Why You Might Need an Ombuds

ombuds

Have a conference or big event coming up? As a planner, you know the importance of making your attendees feel welcome and safe. In any large-scale professional event, there is always a potential for conflicts or inappropriate behavior. The cost of doing nothing to prepare for these incidents can be steep—and the cost of being ready is more affordable than you might think.

Cue the ombuds.

What is an Ombuds?

Even if you haven’t heard the term before, you’ve probably been aware of the services an ombuds provides. Ombuds—previously referred to as ombudsmen—have been around for decades, serving as third-party mitigators and mediators in a wide variety of settings.

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Acting as an impartial, confidential and informal resource, an ombuds assists in constructive problem-solving in order to resolve conflicts and hear grievances that individuals might be reluctant to share with coworkers, supervisors or event organizers.

Why Do I Need One?

Research done in 2017 by American Political Science Association (APSA), in which members were surveyed on negative experiences at conferences, showed that inappropriate behaviors are far more common than we think. Of 2,424 respondents, APSA found that 37 percent had experienced some form of inappropriate behavior at a conference during the previous four years.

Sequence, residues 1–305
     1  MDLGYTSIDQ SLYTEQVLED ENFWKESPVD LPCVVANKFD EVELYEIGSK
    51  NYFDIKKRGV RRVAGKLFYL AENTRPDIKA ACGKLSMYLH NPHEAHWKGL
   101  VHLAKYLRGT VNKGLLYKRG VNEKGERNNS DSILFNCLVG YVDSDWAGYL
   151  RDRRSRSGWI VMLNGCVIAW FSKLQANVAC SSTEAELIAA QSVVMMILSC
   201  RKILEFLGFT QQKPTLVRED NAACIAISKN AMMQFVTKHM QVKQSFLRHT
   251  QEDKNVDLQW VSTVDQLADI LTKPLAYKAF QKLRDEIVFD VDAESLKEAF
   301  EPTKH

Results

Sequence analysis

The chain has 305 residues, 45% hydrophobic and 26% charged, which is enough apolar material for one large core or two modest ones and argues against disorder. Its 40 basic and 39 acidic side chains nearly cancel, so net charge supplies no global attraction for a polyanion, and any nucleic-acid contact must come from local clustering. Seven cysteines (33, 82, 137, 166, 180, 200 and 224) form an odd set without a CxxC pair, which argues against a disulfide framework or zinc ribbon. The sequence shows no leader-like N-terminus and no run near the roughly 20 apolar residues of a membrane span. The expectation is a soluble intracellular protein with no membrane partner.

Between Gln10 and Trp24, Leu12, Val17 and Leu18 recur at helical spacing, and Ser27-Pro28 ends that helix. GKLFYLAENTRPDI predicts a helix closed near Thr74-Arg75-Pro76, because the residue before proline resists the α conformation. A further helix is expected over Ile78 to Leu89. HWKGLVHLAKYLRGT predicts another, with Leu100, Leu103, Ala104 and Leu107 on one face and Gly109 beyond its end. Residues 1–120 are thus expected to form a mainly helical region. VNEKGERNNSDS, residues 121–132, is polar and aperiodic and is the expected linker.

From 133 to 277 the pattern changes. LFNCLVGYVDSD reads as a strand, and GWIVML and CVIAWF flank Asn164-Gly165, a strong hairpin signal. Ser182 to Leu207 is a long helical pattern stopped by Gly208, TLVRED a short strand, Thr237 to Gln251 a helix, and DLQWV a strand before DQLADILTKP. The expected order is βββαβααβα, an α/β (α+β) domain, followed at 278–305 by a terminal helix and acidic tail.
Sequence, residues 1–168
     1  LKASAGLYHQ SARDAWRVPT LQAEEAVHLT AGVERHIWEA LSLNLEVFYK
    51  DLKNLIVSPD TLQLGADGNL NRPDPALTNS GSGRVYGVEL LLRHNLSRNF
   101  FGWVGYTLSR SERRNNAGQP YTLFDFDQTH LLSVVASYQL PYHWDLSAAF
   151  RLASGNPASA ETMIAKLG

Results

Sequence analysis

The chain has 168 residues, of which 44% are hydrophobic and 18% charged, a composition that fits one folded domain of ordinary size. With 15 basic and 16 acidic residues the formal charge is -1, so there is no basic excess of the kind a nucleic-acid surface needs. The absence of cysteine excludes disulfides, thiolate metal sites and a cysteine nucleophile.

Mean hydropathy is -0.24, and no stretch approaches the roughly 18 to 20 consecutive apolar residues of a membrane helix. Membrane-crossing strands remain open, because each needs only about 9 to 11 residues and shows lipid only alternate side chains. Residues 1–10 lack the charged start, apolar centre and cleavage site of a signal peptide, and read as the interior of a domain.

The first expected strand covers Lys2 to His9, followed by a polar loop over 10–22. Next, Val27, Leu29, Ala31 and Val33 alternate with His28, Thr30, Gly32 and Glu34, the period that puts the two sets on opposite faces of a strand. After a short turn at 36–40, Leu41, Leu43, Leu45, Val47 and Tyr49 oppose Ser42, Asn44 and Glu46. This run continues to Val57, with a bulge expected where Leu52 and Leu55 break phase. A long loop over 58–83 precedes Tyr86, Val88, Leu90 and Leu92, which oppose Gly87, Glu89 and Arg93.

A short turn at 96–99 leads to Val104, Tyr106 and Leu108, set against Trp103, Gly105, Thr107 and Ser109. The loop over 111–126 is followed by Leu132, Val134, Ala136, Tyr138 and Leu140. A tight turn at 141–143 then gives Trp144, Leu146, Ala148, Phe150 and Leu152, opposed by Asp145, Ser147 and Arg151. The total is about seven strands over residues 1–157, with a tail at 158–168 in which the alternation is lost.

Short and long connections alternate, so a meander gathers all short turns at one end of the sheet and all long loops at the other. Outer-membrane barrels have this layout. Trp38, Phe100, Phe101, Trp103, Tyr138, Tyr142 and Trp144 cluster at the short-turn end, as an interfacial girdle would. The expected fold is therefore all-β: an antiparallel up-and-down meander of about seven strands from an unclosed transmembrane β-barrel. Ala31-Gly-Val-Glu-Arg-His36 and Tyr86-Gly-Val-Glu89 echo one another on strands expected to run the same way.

As a planner, you naturally want to provide environments in which everyone can derive maximum benefit and feel safe from harassment. The potential legal liability of failing to do so should not be underestimated.

How Else Can an Ombud’s Services Be of Benefit?

By their virtue of their backgrounds and training, good ombuds are adept at listening, analyzing situations and suggesting possible solutions to issues. An organizational ombuds can serve both as a valuable resource to attendees and as an asset for any sponsoring organization. Often, they can share insights and observations about systemic issues relating to the conference or event.

How to Hire an Ombuds

International Ombudsman Association (IOA) has launched an online guide designed to help meet demand for ombuds’ services at conferences, conventions and other large meetings.

IOA’s “Guide for Setting Up a Conference Ombuds Program“ includes information about the value of an ombuds, resources for scoping and contracting ombuds’ services and tools for communicating the role of an ombuds to conference participants.

“Ombuds can provide a knowledgeable resource to assist people who experience problematic behavior at a conference,” says IOA Executive Director Chuck Howard. “Ombuds can also help sponsoring organizations by providing expertise and insights that help build and strengthen a culture of fairness and respect.”

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